Biopsy for Breast Cancer Diagnosis
A biopsy is a short procedure during which a doctor takes a small sample of cells from the breast. A pathologist examines the tissue sample under a microscope and determines whether the cells are normal or cancerous.
We use the least invasive biopsy procedure possible, minimizing discomfort while still obtaining enough cells to make a diagnosis.
We specialize in image-guided biopsy, which uses one of our imaging technologies to precisely locate the area where we need to take the tissue sample. We offer several types of breast biopsy, and you may need one or more types depending on your individual case.
- Needle biopsy: The doctor inserts a needle into the breast to remove a tiny sample of cells from a suspicious area. There are 2 types:
- Fine-needle aspiration biopsy uses a very thin needle and syringe. You may or may not need a local anesthetic (numbing medicine) for this procedure.
- Core biopsy uses a wider needle to take the sample. Your doctor will give you a local anesthetic to numb your breast for the procedure. This is the biopsy procedure we use most often to confirm a diagnosis of breast cancer.
- Image-guided biopsy: Our radiologists often use imaging to precisely locate the abnormal tissue and guide the needle for the sample. Types of imaging for guided biopsy include:
- MRI-guided breast biopsy using radio waves and a magnetic field
- Ultrasound-guided biopsy using high-frequency sound waves
- Stereotactic-guided biopsy using mammography
- Surgical biopsy: In rare situations, a surgeon may remove part of a tumor for testing, or all of it. The goal is to determine whether the tumor is benign (noncancerous) or malignant (cancerous).
Pathology: Analyzing breast biopsies
After you have a biopsy, your nurse sends your tissue samples to our pathologists for review. A pathologist is a medical doctor who specializes in reviewing and evaluating lab tests, cells, and tissues to diagnose disease. Our pathologists analyze biopsy samples to determine whether the tissue is cancerous and, if so, what type of breast cancer it is.
At the Stanford Breast Cancer Program, all of our pathologists specialize in breast cancer. That focus means they have extensive expertise interpreting breast biopsies and other tests to confirm or rule out a breast cancer diagnosis.
Because breast cancer represents a complex group of different diseases, it’s important to have expert pathologists on your care team. Years of experience studying breast cancer every day means your pathologist can accurately identify critical details. This information includes whether the cancer:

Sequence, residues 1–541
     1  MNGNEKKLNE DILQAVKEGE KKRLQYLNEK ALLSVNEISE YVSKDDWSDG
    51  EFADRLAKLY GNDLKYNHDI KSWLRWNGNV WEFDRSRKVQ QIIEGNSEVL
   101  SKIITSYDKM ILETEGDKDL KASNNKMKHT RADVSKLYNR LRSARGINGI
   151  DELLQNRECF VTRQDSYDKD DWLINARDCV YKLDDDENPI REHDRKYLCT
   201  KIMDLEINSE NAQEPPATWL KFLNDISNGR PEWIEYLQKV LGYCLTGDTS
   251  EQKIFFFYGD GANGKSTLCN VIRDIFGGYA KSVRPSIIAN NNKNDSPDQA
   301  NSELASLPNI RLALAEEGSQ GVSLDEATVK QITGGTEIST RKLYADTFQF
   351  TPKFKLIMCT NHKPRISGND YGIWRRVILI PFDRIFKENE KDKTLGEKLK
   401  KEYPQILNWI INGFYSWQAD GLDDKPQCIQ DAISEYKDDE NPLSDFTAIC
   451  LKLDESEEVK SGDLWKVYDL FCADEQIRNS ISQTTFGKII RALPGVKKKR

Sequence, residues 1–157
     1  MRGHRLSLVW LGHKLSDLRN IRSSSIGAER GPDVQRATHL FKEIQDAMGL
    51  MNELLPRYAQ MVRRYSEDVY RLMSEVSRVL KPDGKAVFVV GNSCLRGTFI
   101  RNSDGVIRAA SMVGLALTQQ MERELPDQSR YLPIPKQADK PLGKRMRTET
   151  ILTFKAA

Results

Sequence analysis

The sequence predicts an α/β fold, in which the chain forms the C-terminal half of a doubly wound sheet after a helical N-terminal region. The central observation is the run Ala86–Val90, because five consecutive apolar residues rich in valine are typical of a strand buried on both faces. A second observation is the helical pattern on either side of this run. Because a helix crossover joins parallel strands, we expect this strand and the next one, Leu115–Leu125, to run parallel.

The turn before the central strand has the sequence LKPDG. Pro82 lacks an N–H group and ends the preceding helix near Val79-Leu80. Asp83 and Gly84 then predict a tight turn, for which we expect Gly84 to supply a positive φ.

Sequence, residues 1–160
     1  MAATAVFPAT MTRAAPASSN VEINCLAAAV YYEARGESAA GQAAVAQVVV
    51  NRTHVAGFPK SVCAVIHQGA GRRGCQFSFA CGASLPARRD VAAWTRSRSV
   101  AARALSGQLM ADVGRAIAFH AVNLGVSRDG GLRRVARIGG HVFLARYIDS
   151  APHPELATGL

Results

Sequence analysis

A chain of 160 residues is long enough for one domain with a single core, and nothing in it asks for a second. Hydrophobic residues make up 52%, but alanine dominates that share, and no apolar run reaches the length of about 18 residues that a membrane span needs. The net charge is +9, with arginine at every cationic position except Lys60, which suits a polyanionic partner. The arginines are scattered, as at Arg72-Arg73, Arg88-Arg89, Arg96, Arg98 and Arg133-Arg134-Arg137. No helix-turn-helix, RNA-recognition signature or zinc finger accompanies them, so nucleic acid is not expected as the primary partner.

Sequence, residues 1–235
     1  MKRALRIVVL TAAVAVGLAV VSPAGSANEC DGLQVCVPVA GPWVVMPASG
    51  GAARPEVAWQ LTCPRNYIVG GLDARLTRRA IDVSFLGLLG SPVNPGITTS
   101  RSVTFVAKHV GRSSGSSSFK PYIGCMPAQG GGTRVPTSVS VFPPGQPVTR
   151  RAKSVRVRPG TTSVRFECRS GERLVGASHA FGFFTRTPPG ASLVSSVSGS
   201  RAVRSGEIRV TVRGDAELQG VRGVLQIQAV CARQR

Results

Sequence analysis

- Is invasive or noninvasive
- Shows a high or low cell grade (rating that describes how different the cancer cells are from normal cells)
- Is aggressive or slow growing
- Contains molecules that indicate the cancer subtype
All these details help form an accurate diagnosis, which is vital to your treatment plan. Your care team takes the time to do a thorough evaluation from the start, so that your treatment will be more effective.
Breast tumor tissue bank
Our doctors and researchers work to thoroughly understand the true diversity of breast cancer and identify the genetic abnormalities that can play a role in breast cancer formation. That’s why it’s critical that our doctors have access to tissue samples to plan for each patient’s care.
At Stanford, we store breast tissue samples so we can use them for research, using the following process:
- After we take a biopsy (tiny sample of breast tissue), we ask you if you would like to give it to the tissue bank.
- The tissue first goes to the laboratory, where the pathologist samples it.
- If you approve, the tissue then goes to breast cancer research specialists. These doctors work with our clinicians (doctors involved in patient care) to identify new pathways of tumor formation and possible treatments.
- The data is made anonymous and is not available to you after donation, because we use it for research and not for clinical use in making treatment decisions.
Our breast tumor bank provides our doctors and other researchers with a variety of different types of breast cancer cells to study. As we work on new methods and tools for diagnosing and treating breast cancer, our goal is to move these findings from the lab into patient care.